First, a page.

Hours before Sandy`s expected arrival in Pennsylvania, highway officials ordered travel restrictions on the interstates.
Both Penn DOT and the PA Turnpike Commission ordered drivers to a maximum of 45 miles an hour.
Certain commercial vehicles, such as oversized tractor trailers and rigs pulling empty trailers are prohibited from traveling on most interstates in northeastern Pennsylvania due to heavy winds.
“Seeing those pulled already, they become expensive kites, those flatbed trailers,” said Mary Shirle of Michigan.
Shirle was getting onto the Turnpike’s Northeast Extension at the Mount Pocono exit.
She`s trying to make it to the Philadelphia area before the weather hits.
She`s glad there are restrictions in place.
“I`m a little nervous,” said Shirle. “I`m trying to keep in touch with my family. I’m about 80 miles away that I`m trying to make it home to so they`re letting me know about conditions there.”
Lauren Green from Lake Harmony agrees.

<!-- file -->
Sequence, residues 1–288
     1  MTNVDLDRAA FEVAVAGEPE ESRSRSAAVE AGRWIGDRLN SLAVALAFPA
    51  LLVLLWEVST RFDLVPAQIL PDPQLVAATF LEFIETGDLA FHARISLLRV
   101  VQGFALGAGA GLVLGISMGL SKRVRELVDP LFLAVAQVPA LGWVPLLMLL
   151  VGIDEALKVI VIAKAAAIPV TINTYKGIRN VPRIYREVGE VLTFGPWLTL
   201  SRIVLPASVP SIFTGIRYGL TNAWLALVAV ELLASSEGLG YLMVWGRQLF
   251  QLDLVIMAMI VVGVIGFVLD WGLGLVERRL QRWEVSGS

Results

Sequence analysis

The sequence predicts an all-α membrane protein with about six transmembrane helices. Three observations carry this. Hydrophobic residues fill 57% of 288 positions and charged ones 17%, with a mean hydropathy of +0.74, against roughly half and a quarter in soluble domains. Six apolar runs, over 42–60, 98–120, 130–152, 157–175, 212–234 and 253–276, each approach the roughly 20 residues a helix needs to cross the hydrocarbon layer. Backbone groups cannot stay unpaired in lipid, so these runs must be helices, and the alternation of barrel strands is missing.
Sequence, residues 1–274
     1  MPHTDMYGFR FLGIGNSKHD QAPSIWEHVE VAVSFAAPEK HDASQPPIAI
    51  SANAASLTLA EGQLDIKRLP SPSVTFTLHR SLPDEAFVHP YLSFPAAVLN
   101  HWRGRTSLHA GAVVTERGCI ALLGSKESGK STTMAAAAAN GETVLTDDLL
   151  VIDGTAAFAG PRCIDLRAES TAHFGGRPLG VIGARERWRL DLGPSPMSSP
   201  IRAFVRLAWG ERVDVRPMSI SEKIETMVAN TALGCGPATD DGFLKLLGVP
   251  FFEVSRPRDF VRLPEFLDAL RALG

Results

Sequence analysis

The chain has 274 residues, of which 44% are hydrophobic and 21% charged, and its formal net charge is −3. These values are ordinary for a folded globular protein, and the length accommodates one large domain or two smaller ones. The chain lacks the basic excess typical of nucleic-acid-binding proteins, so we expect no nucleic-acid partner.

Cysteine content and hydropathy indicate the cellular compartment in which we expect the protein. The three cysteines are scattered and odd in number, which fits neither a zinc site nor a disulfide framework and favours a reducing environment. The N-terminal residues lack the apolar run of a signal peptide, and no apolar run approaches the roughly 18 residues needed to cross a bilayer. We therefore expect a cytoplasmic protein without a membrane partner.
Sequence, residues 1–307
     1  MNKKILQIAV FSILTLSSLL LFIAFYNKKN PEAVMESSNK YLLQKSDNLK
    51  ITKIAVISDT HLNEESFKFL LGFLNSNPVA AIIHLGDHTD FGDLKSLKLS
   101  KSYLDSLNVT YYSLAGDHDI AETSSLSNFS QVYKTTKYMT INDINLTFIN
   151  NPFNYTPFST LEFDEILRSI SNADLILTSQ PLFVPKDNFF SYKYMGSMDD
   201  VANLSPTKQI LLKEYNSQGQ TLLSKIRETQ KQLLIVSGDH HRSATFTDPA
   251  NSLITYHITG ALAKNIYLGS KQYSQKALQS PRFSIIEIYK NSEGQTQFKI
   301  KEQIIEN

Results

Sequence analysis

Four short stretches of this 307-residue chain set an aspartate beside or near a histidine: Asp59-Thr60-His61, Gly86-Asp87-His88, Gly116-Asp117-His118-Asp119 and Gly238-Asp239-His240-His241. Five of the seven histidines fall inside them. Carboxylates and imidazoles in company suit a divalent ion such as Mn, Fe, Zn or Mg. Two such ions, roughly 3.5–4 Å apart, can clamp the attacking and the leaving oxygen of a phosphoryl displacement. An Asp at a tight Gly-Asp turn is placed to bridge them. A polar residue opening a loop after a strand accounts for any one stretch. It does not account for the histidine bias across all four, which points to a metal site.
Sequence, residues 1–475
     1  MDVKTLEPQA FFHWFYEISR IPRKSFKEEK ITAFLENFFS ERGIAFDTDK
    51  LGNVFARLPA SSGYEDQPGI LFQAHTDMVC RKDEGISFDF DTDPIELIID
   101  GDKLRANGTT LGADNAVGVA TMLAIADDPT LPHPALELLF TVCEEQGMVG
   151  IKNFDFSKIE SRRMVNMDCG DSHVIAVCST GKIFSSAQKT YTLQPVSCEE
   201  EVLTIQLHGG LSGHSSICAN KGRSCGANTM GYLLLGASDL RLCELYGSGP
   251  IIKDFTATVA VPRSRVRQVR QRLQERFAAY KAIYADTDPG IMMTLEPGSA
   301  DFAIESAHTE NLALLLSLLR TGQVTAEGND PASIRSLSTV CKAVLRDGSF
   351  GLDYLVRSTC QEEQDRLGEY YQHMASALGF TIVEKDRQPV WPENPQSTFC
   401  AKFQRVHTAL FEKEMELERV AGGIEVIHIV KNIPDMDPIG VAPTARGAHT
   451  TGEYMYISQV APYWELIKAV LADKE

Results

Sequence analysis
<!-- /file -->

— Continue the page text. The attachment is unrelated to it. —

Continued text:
“Especially if there`s tractor trailers on the road because they`re large and gust of wind that supposed to be 75, 80 miles an hour, they could blow them right over,” said Green.
However drivers say seeing several utility trucks on the interstates was certainly a welcome sight, knowing help is on the way.
“Power outages is what I`m most worried about because they`re saying it could be anywhere from three days to a week, no one really knows what`s going to happen,” said Green.
Late Monday night, Governor Tom Corbett closed the full lengths of interstates 95 and 676 and parts of 76, as well as non-toll portion of 476 heading into Philadelphia until 2 a.m Tuesday.